Indiana State Park Inns have an awesome deal every winter. During the week you can buy one night and get the second night for free. We have accepted that challenge the past couple of years. Our destination this year was Spring Mill State Park. I have been there many times before but never in the winter. Our choice for best trail is trail #4. You follow a couple of creeks, climb some stairs, can see Hamer and Donaldson Caves and the Pioneer Village with scenery that is great. If you are fortunate like us, you might get an opportunity to see a coyote or red headed woodpecker. Trail #5 along spring Mill Lake was another great hike as well.
Hemlock Bluffs is a State Nature Preserve and is located east of Bedford. There is a nice hike along the top of the ridge overlooking Guthrie Creek. The hemlock trees are easy to see and are fairly rare in Indiana. The hike is well worth it and in 18‐degree sunny weather, the hike is much different from the summer hike I took many years ago.
Monroe Lake became one of the destinations for hiking this past month. We have been to Monroe many times before, but we typically visited Paynetown Recreation Area. We thought we would try some other areas. First up was Fairfax Recreation Area. We hiked the Big Oak Trail which was not marked very well but it was pretty easy to find your way around. There were a few grades to climb but overall, the difficulty of the trail was not too awful bad. We did get to see the “big oak”. The say it is approximately 175 years old. It looks pretty gnarly and is definitely good sized.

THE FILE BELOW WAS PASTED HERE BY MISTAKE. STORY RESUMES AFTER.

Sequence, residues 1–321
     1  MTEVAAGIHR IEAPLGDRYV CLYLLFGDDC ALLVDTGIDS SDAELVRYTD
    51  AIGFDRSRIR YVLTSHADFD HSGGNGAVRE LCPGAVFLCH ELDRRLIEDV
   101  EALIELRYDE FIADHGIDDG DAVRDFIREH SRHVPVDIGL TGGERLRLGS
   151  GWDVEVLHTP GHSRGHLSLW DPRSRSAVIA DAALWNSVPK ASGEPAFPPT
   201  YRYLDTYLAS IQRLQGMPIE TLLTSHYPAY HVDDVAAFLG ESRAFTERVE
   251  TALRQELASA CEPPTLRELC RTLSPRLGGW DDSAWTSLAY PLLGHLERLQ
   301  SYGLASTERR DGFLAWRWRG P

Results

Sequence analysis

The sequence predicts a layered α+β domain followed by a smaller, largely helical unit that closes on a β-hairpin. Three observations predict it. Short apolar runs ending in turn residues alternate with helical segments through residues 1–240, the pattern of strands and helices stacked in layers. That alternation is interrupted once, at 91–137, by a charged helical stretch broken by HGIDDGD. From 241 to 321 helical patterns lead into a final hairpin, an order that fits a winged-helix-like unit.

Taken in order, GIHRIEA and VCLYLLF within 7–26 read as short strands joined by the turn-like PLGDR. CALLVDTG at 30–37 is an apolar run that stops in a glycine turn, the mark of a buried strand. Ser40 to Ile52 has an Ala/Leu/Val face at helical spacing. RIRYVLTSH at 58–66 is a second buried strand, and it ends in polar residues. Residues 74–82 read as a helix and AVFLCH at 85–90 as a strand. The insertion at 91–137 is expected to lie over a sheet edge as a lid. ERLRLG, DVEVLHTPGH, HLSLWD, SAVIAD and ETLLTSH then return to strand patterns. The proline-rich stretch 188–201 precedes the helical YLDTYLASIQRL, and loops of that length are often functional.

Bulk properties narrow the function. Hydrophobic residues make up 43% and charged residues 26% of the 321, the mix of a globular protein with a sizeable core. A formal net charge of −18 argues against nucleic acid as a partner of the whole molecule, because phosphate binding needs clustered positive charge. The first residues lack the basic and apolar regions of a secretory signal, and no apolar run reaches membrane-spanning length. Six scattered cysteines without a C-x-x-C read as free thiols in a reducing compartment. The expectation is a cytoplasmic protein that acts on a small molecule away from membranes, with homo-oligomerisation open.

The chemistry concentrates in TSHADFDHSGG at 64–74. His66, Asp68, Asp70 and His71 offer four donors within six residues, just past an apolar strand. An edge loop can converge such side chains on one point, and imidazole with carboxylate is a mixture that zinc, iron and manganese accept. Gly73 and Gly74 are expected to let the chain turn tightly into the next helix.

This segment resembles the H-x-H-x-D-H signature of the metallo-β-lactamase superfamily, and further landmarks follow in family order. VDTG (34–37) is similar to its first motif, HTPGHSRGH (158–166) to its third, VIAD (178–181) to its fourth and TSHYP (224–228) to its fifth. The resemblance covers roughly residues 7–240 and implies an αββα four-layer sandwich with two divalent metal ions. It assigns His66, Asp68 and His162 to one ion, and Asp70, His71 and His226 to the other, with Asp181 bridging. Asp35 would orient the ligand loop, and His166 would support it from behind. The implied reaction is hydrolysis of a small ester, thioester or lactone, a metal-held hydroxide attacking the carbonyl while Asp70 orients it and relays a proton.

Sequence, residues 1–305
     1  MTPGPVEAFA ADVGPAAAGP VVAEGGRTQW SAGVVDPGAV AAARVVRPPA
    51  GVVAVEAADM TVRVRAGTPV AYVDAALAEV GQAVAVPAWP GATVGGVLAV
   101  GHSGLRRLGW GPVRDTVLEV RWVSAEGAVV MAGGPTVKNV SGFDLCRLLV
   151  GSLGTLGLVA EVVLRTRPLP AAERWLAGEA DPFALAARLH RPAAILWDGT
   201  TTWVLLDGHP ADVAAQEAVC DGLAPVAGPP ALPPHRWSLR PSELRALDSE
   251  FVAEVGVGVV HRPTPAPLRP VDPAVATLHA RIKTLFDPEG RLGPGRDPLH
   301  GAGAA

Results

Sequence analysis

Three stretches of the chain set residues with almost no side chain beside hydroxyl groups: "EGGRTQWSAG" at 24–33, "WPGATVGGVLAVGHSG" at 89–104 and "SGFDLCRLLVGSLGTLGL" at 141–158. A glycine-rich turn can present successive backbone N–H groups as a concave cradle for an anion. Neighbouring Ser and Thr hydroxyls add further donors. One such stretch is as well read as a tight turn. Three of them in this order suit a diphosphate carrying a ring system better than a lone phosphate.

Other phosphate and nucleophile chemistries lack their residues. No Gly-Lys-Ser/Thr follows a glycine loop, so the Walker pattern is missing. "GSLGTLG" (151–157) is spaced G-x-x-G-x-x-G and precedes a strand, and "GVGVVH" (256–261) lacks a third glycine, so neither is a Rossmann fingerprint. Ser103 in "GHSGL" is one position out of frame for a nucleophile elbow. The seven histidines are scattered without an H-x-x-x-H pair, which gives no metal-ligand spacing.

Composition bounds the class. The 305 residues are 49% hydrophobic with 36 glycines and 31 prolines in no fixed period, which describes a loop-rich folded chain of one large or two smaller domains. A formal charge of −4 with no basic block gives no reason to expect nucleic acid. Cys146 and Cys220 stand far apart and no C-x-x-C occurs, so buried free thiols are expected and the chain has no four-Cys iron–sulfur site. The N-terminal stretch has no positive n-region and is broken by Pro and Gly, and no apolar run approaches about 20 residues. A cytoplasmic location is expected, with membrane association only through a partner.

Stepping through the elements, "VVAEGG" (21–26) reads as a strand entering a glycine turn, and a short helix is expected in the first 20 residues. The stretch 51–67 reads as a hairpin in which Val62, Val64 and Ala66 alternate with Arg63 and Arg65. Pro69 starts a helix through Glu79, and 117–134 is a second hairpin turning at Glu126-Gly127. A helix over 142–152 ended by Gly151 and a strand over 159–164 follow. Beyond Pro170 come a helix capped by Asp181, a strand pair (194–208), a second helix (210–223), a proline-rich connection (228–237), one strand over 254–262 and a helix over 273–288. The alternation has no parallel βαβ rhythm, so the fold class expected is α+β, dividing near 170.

We continued around the lake to the south side across the dam and past the emergency spillway. The dam seems really small for the state’s largest lake. We drove to Hardin Ridge and Allen’s Creek areas. This particular area seems to be much more remote and less populated. There were a couple of trails in each area that we did short hikes on. There is a lot to see while visiting. Take an area and go and visit.
Per a recommendation from Paul & Nancy Nysewander, we took a drive to Northern Hamilton County and hiked the south outer loop at Strawtown‐Koteewi Park. It is about 3 miles (5K) and is mostly through prairie with some in the woods along White River. Very enjoyable hike on the flat unimproved trails. It was a treat to see the two restored iron bridges that span White River. The parks were quite busy with the snow tubing hill, other hikers, and the Taylor Natural History Center. Great park and another place I plan to visit again.
Send me your places to wander. Cannot find enough good places to hike, visit or drive to.